How TRAP Laws Work In Practice

The Rockford Clinic of Illinois is a good example of how targeted regulations can work to shut down or immobilize an abortion provider.

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So how do TRAP (Targeted Regulation of Abortion Providers) laws really work to cut off access to abortion clinics for women seeking pregnancy terminations?  A good example is a clinic in Illinois, which has been closed since September due to violations, and will still be required to pay almost $10,000 in fines before it can reopen.

The violations that shut it down?  Administrative “necessities” that have very little to do with the actual services that it provides.

Last year the Department of Public Health cited the abortion clinic for health and safety violations after a three-day inspection in June.  Arnold told the Rockford Register Star that the abortion clinic was given a plan of correction for its violations of the Ambulatory Surgical Treatment Center Licensing Requirements Code and Illinois Administrative Procedure Act, and informed that its progress would be monitored.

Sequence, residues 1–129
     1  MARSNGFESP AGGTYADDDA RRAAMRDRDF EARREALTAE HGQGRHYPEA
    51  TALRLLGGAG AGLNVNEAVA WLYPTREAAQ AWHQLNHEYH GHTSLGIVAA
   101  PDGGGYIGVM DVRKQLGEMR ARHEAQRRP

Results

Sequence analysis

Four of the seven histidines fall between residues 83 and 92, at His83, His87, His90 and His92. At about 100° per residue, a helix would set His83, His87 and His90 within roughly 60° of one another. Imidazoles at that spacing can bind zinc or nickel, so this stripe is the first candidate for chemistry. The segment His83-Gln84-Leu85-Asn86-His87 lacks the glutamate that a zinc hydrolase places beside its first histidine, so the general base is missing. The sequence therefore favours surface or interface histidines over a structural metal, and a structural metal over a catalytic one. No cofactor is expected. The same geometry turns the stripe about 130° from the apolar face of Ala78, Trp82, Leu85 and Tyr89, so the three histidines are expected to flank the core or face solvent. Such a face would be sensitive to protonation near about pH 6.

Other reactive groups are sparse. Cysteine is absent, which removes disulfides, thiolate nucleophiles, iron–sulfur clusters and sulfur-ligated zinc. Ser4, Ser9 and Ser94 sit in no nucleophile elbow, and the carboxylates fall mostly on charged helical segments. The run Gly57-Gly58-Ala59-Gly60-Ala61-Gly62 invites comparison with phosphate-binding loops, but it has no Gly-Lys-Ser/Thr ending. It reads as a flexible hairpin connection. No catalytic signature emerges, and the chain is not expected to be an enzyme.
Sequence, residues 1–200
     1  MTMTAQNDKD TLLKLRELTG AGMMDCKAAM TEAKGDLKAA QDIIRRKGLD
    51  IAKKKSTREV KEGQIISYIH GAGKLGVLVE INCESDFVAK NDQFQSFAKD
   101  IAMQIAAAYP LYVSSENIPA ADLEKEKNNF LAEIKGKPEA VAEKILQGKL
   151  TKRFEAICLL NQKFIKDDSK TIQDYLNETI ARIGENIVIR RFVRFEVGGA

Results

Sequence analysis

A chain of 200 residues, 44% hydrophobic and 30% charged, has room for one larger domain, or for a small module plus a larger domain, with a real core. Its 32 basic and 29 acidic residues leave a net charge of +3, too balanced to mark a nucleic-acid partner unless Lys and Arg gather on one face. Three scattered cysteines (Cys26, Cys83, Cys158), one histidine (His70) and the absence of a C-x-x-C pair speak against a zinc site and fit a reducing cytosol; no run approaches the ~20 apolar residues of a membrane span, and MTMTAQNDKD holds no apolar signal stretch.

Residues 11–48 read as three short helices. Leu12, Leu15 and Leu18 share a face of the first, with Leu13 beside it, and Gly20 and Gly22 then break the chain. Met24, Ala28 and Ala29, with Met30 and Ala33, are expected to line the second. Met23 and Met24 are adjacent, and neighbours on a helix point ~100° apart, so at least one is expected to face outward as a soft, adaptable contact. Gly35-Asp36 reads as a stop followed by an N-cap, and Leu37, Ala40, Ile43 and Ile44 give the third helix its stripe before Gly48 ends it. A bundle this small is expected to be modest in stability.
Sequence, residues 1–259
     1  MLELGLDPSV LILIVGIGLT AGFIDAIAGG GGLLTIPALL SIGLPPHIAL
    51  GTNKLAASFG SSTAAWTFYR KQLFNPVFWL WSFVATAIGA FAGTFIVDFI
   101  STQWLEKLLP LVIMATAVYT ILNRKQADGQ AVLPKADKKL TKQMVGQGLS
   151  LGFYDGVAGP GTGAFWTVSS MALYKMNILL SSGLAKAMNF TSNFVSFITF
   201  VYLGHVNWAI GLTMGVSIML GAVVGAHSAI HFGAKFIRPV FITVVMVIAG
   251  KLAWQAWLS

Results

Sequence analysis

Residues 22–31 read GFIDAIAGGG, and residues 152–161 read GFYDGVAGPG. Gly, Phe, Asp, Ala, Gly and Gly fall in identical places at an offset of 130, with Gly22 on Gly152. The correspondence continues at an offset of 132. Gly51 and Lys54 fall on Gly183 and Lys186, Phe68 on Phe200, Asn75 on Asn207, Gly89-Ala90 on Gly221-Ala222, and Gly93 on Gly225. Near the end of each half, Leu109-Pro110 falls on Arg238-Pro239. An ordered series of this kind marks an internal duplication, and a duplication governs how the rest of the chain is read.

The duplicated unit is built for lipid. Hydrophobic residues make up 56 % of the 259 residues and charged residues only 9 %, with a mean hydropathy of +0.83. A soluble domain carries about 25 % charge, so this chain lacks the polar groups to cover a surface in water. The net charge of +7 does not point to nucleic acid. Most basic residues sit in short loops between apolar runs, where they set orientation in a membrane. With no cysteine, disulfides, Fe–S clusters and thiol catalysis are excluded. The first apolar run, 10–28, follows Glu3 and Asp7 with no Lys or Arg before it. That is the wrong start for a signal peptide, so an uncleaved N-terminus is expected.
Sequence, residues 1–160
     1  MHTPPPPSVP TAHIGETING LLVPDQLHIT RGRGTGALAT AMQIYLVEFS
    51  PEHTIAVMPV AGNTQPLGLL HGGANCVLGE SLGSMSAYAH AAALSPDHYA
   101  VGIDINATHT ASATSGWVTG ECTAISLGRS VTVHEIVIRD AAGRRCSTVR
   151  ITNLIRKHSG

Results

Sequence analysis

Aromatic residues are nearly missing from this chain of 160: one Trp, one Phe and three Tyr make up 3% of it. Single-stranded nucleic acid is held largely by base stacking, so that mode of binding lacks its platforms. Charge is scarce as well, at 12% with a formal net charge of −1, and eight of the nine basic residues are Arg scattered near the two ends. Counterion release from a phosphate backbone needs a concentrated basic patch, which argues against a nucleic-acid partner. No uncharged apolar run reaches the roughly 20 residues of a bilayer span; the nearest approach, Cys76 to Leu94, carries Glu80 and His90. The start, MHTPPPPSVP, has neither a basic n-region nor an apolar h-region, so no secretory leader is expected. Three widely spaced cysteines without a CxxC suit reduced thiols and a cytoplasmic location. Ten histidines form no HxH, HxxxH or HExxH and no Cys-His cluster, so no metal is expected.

When the abortion clinic was re-inspected September 15, most of the violations observed in a June inspection report had been corrected, according to records from the state. But not only were some violations not corrected (such as failing to have a registered nurse in the operating room and directing patient care) new ones were noted, “like doctors not having surgical privileges with a licensed Illinois hospital and not having a written agreement with a local laboratory to perform certain tests,” according to Corina Curry of the Rockford Register Star.

The clinic, which has fixed the issues, now has a choice — pay an additional $10,000 in fines to reopen, or pay just $1000 and stay closed.  Permanently.